The Government yesterday ruled out a fuel shortage, assuring there is sufficient stock, and that public panic and speculation were unnecessary.
“The Government is ready to bear the cost of fuel imports. There is no shortage of fuel in the country,” Co-Cabinet Spokesman and Plantation Industries Minister Dr. Ramesh Pathirana said at the post-Cabinet meeting media briefing held yesterday.
Concerns over fuel supplies have remained allied with spikes in global prices as well as the country’s foreign exchange crisis.
The Cabinet last week approved talks for a massive $ 2.5 billion loan from foreign insurance or pension funds to offset part of the accumulated fuel import bills. Cabinet approved the proposal after studying several unsolicited proposals by private agents to offer a loan to the Government.
The cost of fuel imports in the first seven months of this year has risen by 41.5% to $ 2 billion, while in July it rose by 28% to $ 256 million. Of that, refined petroleum imports rose by 51% to $ 1.5 billion and crude oil by 28% to $ 409 million. The import expenditure per barrel of crude oil amounted to $ 68.92 in July 2021 compared to $ 46.23 in July 2020.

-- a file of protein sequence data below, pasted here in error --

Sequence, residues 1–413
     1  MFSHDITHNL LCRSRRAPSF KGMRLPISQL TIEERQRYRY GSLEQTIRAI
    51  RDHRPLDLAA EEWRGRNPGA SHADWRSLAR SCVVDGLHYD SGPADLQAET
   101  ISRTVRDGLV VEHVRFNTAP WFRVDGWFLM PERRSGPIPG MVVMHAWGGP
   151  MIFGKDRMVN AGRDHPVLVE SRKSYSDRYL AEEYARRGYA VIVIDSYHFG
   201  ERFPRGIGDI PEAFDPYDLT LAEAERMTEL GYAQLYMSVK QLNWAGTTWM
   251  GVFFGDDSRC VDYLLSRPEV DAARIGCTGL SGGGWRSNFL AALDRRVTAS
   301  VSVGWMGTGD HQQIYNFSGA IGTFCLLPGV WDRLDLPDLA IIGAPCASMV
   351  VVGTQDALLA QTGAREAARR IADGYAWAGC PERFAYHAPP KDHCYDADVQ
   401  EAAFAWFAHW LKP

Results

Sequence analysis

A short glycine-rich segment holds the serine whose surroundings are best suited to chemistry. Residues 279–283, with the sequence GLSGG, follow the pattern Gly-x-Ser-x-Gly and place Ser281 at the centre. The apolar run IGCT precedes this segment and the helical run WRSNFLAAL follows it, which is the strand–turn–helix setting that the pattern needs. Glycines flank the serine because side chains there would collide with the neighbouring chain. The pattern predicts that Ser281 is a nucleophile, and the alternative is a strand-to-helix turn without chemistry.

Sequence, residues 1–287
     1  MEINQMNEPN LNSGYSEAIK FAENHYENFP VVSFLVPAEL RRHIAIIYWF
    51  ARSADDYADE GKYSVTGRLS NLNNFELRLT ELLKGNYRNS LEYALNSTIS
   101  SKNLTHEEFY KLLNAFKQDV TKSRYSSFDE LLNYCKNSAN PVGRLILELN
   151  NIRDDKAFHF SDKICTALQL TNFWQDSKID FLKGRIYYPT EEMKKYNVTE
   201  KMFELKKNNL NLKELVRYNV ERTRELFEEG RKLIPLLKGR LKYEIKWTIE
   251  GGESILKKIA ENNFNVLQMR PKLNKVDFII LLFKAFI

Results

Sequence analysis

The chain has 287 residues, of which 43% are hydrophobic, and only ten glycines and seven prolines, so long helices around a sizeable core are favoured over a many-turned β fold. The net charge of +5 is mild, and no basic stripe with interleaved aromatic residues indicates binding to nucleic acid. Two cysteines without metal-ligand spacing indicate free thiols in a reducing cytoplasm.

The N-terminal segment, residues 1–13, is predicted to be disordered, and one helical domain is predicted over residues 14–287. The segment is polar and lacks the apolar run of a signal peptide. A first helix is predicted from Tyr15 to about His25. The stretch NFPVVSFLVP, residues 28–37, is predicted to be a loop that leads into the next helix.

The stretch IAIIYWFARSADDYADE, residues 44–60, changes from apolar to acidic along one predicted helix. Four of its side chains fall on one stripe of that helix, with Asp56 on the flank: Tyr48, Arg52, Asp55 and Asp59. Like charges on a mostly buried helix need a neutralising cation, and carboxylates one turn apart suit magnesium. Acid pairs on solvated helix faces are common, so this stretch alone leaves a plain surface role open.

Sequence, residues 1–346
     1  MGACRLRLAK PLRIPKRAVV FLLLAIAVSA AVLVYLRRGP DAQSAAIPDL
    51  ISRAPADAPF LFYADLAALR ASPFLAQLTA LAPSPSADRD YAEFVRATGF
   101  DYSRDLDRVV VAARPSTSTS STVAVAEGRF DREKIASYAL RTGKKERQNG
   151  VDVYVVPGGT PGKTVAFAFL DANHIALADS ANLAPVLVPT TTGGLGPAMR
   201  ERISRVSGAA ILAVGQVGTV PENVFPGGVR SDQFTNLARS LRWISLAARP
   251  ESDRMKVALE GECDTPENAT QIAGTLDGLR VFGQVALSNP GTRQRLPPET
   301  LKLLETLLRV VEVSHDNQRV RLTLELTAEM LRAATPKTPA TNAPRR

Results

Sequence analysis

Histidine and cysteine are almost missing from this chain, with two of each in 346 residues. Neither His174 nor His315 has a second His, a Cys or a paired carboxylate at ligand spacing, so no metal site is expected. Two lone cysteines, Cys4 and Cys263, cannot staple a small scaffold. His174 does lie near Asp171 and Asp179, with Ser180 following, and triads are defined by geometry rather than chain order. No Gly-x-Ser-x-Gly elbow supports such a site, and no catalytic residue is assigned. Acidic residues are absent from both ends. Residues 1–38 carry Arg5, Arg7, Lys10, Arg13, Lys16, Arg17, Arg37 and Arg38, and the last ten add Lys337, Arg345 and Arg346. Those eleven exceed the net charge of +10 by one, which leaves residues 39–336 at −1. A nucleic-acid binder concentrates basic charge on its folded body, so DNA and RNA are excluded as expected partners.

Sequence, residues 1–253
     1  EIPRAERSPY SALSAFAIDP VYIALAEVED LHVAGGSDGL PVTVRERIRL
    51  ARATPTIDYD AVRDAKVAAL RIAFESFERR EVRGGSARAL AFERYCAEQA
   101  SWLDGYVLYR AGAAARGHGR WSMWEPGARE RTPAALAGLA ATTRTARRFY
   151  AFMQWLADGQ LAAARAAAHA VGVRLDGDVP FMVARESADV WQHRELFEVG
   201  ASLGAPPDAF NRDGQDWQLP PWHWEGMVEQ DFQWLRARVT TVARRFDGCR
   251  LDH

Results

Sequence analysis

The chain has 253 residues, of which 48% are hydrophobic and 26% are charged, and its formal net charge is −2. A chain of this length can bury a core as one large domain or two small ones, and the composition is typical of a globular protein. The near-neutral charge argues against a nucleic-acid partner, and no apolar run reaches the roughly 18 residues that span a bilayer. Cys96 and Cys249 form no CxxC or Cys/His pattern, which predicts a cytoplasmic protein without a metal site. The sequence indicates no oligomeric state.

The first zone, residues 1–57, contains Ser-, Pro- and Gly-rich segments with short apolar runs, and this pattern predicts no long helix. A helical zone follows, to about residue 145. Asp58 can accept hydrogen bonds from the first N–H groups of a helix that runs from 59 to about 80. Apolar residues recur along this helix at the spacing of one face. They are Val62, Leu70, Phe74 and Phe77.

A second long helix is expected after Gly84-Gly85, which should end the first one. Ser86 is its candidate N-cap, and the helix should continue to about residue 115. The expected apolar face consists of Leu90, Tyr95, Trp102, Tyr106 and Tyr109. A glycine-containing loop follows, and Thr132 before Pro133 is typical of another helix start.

Last month, Energy Minister Udaya Gammanpila requested the public to use fuel economically in an effort to save foreign currency for much-needed medicines and vaccines.
“The reality is that we are in a foreign currency crisis. Fuel was 18% of our import bill in 1H of 2021. It may be around 25% in 2H. Please use fuel economically to save foreign currency for much needed medicine and vaccines,” Gammanpila tweeted.
In the latter part of last month, he held talks with UAE and Iran on obtaining crude oil and petroleum products on a long-term credit facility as a solution to the present foreign exchange crisis. Dr. Pathirana though said that no final decision had been taken on finding alternative fuel suppliers.
“Traditionally, the Energy Minister pays an official visit to the oil importing countries to hold discussions. The Minister held discussions on the prices as well as the possibility of extending a long-term credit facility to Sri Lanka. However, a final decision on them has not been taken,” Dr. Pathirana added.